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Coventry City coach Dennis Lawrence (second from left) in the dugout with Mark Robins, Adi Viveash and goalkeeping coach Aled Williams (far left) during a match against Blackpool at Bloomfield Road, Blackpool, England on August 17th 2021.
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Mark Robins and his Coventry City players have quite rightly earned high praise from the fans and neutral observers for their early season success.

The Sky Blues boss would be the first to insist it’s a collective effort after a busy summer in the transfer market that saw eight new additions improve the quality of his Championship squad, paving the way for an impressive opening eight league games.

His first signing, however, was to his backroom with the arrival of first team coach Dennis Lawrence.

The 47-year-old former Wrexham and Swansea City centre-half was appointed in June and given the remit of developing players, either as individuals or within a group or team setting.

He also has an input on the training pitch on a daily basis and with match preparation, supporting Robins and his assistant Adi Viveash, who generally takes the lead with the coaching.

Robins describes it as a “very rounded role” for Lawrence who has managed his country, Trinidad and Tobago - for whom he has 89 international caps as a player, and worked under Belgian boss Roberto Martinez at Wigan and Everton.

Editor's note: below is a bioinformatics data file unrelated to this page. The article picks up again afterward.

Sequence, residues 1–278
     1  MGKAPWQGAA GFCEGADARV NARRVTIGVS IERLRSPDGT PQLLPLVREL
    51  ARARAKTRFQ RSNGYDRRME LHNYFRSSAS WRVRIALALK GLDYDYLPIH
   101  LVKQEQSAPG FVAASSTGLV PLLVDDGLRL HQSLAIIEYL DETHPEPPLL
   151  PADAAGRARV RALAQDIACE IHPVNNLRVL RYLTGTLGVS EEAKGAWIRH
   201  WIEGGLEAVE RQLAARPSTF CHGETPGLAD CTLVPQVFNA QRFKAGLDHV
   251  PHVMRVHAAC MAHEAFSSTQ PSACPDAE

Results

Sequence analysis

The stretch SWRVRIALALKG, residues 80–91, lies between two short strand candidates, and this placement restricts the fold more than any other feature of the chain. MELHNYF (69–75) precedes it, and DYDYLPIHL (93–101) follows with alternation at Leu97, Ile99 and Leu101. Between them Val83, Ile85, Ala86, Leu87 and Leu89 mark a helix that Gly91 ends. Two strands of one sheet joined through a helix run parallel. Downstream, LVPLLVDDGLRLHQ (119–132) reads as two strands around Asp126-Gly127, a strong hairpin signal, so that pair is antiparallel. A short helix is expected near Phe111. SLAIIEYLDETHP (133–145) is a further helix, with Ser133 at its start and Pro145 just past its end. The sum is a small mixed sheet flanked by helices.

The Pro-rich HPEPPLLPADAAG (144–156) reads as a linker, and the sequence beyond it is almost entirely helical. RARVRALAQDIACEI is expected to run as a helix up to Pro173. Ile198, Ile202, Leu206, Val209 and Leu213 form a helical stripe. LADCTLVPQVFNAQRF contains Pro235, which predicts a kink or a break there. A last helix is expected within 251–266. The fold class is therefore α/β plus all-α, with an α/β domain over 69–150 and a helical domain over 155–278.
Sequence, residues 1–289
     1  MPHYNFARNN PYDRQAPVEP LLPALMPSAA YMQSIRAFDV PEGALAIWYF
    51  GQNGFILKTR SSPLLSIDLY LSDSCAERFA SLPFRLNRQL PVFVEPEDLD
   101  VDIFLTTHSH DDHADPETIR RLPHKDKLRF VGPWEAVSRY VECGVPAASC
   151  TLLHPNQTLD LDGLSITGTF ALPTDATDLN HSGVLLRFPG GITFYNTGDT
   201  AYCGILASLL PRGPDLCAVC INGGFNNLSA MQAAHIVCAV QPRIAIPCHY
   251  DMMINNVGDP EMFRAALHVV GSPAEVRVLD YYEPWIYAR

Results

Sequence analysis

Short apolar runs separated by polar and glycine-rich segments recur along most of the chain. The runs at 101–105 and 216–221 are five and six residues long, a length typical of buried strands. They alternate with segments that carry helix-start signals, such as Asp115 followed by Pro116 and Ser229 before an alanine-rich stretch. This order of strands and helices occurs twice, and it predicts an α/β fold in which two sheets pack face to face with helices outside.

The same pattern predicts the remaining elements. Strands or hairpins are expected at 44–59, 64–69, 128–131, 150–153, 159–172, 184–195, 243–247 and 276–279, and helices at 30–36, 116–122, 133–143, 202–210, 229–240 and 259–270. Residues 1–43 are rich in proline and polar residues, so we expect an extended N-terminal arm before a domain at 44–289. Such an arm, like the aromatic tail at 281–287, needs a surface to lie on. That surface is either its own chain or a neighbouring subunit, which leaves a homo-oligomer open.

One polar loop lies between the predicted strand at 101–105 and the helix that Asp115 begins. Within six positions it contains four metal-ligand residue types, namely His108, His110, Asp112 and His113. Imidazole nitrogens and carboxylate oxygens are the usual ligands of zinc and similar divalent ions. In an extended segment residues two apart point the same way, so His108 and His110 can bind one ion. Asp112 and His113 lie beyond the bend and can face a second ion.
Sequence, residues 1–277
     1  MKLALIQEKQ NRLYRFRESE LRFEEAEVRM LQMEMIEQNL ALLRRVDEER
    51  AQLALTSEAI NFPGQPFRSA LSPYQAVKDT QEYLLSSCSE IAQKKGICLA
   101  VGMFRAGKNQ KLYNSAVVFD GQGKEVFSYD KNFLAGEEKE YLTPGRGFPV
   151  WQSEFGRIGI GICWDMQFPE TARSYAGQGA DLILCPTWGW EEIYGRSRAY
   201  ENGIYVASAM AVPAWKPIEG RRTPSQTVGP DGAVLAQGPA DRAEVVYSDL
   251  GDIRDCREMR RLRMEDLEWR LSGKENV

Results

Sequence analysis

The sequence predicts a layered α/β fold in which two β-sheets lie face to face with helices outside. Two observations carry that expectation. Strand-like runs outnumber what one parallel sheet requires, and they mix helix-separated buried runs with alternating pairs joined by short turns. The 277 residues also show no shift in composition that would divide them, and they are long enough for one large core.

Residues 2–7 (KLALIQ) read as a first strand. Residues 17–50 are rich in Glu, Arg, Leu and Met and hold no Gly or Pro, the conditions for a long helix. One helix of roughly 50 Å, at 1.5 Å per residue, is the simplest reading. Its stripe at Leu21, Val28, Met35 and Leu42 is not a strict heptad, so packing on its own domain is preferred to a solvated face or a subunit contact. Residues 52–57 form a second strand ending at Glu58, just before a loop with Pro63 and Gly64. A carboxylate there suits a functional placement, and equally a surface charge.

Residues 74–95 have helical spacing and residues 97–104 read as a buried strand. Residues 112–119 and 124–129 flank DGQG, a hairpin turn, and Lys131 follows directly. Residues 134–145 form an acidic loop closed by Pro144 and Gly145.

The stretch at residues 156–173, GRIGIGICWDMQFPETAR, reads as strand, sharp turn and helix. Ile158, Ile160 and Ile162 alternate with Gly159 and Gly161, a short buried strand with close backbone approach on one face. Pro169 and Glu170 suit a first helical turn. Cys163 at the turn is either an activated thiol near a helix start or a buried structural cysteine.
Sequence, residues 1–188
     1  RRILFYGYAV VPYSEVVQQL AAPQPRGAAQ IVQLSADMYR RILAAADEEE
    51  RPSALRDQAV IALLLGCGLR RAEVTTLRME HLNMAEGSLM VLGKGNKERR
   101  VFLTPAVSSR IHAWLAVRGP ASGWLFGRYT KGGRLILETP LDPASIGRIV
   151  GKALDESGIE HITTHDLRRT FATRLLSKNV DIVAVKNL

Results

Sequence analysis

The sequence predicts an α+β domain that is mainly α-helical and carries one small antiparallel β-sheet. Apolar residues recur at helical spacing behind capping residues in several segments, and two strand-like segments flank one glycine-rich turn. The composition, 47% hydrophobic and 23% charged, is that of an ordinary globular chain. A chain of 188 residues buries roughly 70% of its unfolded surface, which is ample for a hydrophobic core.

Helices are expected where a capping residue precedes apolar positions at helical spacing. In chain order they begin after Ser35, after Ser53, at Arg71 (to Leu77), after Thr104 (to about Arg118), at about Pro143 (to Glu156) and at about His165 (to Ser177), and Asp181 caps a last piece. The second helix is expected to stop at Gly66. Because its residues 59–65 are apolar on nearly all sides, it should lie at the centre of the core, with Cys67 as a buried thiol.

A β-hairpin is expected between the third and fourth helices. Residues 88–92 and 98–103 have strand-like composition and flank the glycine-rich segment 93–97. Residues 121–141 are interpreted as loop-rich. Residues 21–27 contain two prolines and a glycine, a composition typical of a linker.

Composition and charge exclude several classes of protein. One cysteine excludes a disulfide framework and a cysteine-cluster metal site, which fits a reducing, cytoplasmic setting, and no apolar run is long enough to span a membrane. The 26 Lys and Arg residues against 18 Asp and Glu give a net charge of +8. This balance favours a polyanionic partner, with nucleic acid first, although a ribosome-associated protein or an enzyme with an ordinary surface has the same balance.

Three months into his appointment, CoventryLive asked Robins how Lawrence has settled in and what influence he has had on the group so far.

“Dennis is, first and foremost, a brilliant individual,” he said.

“He’s a top, top person; genuine, loyal and trustworthy. But also, he’s honest and has a really strong work ethic.

“He’s principled in his life and in his coaching he has his way of doing things which is allied to what we do.

“And he has a real understanding of the types of approaches and implementing them.”

He added: “He’s worked with Roberto Martinez for a long time and picked up things along the way, not only from Roberto, but also other people he has worked with.

“He’s got his own influences from his time as manager of Trinidad and Tobago and those experiences have shaped the type of coach he is, and he’s bright. He’s a really bright coach, and calm as well, which is sometimes important.

“He has a good manner, a good way with the players and really good understanding.

“He’s been part of the mentoring programme with the Welsh FA and delivers on the A Licence for players that are undertaking their qualifications, so he has a broad understanding and broad experiences in the game which are valuable to us.

“He studies things and he’s a top, top guy and someone who stood out in the recruitment process.”

Asked, after such a glowing appraisal, if he’s had the desired impact the manager wanted, Robins chuckled, saying: “He’s started, but I don’t want him to read this and get carried away."

Breaking into laughter, he added: “He needs to knuckle down and improve!”


SOURCE: Coventry Telegraph